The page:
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Olivia Newport daughter photo

The veggie artist’s self-portrait.

I feel like a slice of deli meat these days, my emotions trapped between the generations on either side of me in the midst of their transitions.

Last week I visited with my mother, who lives in another state. Some of you enjoyed her quips as I recorded them on the Mama Says page of my blog in the past. You can still read her hilarity there. And she still says hilarious things. Her sense of humor is as much a part of her personality as ever. But she is 87, and after the devastation of the sudden death last spring of my brother who shared her home, she transitioned into assisted living, where she is also in a transitional memory care program because of the progressive nature of her dementia.

At some level she understands that she needs to be there. On many more levels, she hates that she needs to be. So it’s definitely a transition for her, and for all of her children, grandchildren and great-grandchildren as we watch the changes that make our hearts ache.

And on the other hand, over the weekend I helped my recent college graduate daughter move into a home she rented with several friends. She splurged on a brand new six-piece bedroom set that was delivered to the house where she has taken up residence in the master bedroom complete with walk-in closet. Once the delivery guys were gone, she turned to me and jumped up and down a few times and even clapped.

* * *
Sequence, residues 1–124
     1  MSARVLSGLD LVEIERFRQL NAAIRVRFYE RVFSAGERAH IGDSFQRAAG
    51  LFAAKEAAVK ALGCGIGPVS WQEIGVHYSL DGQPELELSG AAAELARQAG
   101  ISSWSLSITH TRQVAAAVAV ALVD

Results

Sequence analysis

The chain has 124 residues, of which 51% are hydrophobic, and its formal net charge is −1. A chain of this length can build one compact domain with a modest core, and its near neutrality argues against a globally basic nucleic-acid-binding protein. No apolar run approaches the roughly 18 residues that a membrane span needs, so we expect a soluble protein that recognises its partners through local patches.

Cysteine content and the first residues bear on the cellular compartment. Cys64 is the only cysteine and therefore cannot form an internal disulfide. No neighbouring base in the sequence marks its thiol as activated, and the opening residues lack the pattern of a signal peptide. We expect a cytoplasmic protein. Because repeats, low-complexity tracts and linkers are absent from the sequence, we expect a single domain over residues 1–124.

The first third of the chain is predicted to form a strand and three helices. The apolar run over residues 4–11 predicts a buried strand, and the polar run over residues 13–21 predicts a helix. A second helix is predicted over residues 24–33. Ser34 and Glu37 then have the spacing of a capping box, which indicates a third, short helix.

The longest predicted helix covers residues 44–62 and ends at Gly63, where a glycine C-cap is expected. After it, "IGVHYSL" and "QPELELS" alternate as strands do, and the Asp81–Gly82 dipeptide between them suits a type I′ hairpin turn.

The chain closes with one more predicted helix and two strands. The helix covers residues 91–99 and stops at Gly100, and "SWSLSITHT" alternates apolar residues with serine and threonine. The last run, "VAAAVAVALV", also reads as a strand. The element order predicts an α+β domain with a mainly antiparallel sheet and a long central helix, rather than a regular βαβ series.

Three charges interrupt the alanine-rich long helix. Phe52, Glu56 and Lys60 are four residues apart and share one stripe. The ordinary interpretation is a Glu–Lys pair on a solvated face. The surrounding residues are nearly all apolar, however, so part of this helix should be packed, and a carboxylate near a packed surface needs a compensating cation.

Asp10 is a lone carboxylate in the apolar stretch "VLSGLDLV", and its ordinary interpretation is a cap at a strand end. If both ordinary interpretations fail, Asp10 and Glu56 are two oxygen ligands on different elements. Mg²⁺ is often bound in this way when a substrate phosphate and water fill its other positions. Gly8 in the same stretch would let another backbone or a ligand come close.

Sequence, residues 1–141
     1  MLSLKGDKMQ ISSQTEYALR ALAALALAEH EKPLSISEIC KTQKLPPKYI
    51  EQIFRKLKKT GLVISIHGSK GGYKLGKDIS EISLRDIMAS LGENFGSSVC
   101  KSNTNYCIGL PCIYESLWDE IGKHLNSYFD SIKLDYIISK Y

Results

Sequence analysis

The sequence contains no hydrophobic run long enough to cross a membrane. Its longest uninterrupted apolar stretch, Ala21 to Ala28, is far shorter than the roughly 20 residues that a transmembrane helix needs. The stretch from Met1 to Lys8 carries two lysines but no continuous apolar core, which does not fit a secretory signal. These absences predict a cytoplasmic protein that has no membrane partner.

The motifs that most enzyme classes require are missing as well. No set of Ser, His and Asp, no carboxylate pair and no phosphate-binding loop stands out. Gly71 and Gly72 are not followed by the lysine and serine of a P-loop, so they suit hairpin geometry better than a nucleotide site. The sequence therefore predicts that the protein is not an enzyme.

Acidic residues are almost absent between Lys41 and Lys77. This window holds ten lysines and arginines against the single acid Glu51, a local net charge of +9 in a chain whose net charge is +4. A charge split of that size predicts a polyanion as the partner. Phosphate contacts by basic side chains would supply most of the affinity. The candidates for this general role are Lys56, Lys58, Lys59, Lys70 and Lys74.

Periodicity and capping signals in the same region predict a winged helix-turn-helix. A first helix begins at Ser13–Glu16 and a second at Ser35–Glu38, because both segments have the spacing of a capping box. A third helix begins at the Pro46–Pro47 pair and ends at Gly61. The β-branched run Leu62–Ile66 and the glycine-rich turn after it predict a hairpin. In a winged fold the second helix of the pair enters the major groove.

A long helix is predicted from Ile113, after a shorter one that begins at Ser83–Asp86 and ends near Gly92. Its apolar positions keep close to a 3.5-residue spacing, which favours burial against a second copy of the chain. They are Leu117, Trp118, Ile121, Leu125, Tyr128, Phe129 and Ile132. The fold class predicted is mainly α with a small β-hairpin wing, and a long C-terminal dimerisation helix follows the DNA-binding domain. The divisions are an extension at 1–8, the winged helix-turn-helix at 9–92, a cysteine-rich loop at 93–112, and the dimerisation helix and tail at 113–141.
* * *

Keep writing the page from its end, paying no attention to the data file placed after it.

“I tried really hard not to do that while they were here,” she said. (She is a preschool teacher, after all.)

It was an exciting day. She only moved a few miles, and her workplace is still down the street from my house. I’m not worried that I won’t see her or hear from her. And I couldn’t be more proud of the goals she set and reached to graduate from college without debt and with a paid-for car (that is way nicer than mine). While she knew she had a sweet deal living at home while she went to college, the next goal on her list is to experience independent living.

While my mother’s independence is narrowing, my daughter’s is burgeoning. Somehow that makes me keenly aware that I am somewhere in between. I guess they call it middle age for a reason. I have a feeling I’ll be in this reflective stage for awhile, and I hope I see the exquisiteness, and not just the flaws, of each season of life.

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